Situation Assessment 20 July, 2023

Lebanon’s Presidential Crisis: Causes and Likely Outcomes

The Unit for Political Studies

The Unit for Political Studies is the Center’s department dedicated to the study of the region’s most pressing current affairs. An integral and vital part of the ACRPS’ activities, it offers academically rigorous analysis on issues that are relevant and useful to the public, academics and policy-makers of the Arab region and beyond. The Unit for Policy Studies draws on the collaborative efforts of a number of scholars based within and outside the ACRPS. It produces three of the Center’s publication series: Situation Assessment, Policy Analysis, and Case Analysis reports. 

acrobat IconOn 17 July 2023, Doha hosted the second meeting of the Five nation group on Lebanon with representatives from Egypt, Saudi Arabia, Qatar, France and the US, seeking a solution to the current political paralysis.[1] The current caretaker government with no decision making powers has failed to fill the presidential vacancy in 12 sessions since President Michel Aoun’s term ended in October. Meanwhile the ongoing banking crisis and the 2020 Beirut port explosion have left the economy in a state of disarray.[2]

Riad Salameh, who has been Governor of Lebanon’s central bank, Banque du Liban, for thirty years, now faces major corruption charges, with his mandate set to end on 31 July, but while Najib Mikati’s temporary government is running the country, the necessary reforms to address the financial crisis cannot yet be approved. The reforms require the formation of a government with full powers – impossible without electing a new President. Various parties are trying to persuade Hezbollah to abandon its support for the candidacy of former minister Suleiman Frangieh, opposed by the majority, and to find an alternative who is accepted by local, regional and international actors. However, most political parties in Lebanon prefer the continued presidential vacuum to Hezbollah imposing its own nominee by vetoing any other candidates.

Prominent Candidates

In the wake of the political gridlock, several personalities have emerged as potential presidential candidates, some of whom, such as Michel Moawad and Neemat Frem, have officially announced their nomination. Moawad, the son of former President René Moawad, who was assassinated on 22 November 1989, hails from the city of Zgharta in northern Lebanon. But both Moawad and Frem’s chances of winning are slim. Others have remained implicit candidates. The first is Commander of the Lebanese Armed Forces, General Joseph Aoun, who was allied with (unrelated) Michel Aoun during his rise to army leadership in the 1980s and was appointed army commander during Michel Aoun’s presidential term. He will retire in January 2024. Another is Ziad Baroud, Minister of Interior in Fouad Siniora’s government (2008-2009). Currently, the presidential battle is limited to the two former ministers, Hezbollah’s nominee Franjieh, the grandson of former President Suleiman Franjieh (1970-1976) who comes from a political family in Zgharta, and Jihad Azour, who was Minister of Finance in the Siniora government (2005-2008). As he held the position of director of the Middle East and Central Asia region at the International Monetary Fund, Azour did not announce his candidacy until he had temporarily resigned from his role and issued a lengthy statement explaining the nomination.[3]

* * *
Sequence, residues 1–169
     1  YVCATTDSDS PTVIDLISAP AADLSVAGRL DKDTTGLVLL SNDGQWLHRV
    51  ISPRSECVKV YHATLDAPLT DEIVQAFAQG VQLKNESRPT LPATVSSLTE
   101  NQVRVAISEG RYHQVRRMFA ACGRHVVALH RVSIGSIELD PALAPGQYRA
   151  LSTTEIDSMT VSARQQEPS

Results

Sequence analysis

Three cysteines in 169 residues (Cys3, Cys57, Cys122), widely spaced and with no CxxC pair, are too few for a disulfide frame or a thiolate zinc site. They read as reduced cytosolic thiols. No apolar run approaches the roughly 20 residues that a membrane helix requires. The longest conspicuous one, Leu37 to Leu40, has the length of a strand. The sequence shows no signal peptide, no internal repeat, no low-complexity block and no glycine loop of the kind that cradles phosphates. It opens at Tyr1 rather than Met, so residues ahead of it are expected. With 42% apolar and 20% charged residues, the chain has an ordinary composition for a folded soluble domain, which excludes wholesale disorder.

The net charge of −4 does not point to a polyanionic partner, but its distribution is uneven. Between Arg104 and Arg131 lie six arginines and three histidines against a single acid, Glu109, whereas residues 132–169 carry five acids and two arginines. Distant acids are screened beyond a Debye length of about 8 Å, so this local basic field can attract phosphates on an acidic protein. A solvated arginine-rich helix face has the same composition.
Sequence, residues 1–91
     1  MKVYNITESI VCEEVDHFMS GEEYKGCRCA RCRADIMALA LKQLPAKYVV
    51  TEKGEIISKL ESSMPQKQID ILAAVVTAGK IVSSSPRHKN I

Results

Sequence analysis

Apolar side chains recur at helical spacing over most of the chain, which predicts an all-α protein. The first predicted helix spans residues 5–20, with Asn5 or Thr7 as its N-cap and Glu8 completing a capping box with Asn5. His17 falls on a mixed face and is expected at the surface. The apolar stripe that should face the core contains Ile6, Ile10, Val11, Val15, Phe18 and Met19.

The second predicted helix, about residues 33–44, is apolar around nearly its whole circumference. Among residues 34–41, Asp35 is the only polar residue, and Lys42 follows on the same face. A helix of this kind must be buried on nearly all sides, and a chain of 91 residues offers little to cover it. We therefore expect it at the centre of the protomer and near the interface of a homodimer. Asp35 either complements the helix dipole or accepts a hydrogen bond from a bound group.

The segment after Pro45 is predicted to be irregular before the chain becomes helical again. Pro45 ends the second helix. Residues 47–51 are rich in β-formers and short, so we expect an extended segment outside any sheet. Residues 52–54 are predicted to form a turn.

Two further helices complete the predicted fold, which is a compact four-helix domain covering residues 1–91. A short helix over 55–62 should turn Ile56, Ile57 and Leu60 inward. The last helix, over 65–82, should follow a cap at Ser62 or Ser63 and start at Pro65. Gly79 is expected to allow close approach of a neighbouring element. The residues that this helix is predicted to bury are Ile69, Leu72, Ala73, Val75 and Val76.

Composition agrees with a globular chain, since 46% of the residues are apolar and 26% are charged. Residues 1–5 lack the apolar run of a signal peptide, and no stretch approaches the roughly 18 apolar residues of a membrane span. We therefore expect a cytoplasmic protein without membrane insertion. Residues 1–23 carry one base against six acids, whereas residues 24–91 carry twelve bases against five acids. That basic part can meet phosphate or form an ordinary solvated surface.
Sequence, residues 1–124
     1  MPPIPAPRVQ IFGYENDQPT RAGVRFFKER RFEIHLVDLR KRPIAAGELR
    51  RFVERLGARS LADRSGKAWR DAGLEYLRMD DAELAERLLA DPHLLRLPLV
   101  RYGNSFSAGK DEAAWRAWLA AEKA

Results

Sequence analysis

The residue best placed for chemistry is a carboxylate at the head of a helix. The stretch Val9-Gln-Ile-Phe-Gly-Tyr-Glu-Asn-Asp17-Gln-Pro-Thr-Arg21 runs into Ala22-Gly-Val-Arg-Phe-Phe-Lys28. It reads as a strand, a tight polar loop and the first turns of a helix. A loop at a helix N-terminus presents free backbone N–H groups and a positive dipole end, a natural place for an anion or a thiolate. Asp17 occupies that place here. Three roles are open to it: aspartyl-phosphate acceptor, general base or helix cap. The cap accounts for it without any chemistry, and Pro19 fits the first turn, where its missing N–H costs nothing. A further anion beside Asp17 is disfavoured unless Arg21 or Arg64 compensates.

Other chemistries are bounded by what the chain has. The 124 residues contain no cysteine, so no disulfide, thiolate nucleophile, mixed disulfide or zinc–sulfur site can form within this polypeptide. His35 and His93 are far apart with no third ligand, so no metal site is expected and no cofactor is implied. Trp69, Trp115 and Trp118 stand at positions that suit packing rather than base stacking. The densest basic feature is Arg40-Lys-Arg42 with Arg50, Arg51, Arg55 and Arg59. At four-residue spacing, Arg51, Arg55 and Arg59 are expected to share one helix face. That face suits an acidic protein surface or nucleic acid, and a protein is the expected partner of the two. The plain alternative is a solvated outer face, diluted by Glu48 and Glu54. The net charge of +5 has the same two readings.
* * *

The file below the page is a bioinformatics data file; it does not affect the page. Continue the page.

The Political Parties

Hezbollah selected a Maronite candidate in Suleiman Franjieh without the approval of its Maronite ally, Gebran Bassil, causing a rift with Bassil’s Free Patriotic Movement, with which had it been allied since the so-called “Mar Mikhael Agreement” in February 2006. The agreement had led to Hezbollah supporting Michel Aoun’s presidency in 2016, in return for the Free Patriotic Movement providing political cover for Hezbollah’s weapons, and preventing it from being isolated in Lebanon. Bassil's position has undermined Franjieh's chances of becoming president. Hezbollah insists on supporting Franjieh's candidacy because they believe him to be trustworthy and because they supported Michel Aoun in previous elections at the expense of old ally Franjieh. Therefore, this time Hezbollah wants to restore balance to their relationship with the latter, empowered by the Syrian regime’s political rehabilitation and the weakness of Sunni representation in Parliament, the decline of Saudi interest in Lebanon, and France’s acceptance of this nomination. So far, Hezbollah has not been able to bridge the views between Bassil and Franjieh, despite successfully shutting down any media battles between them.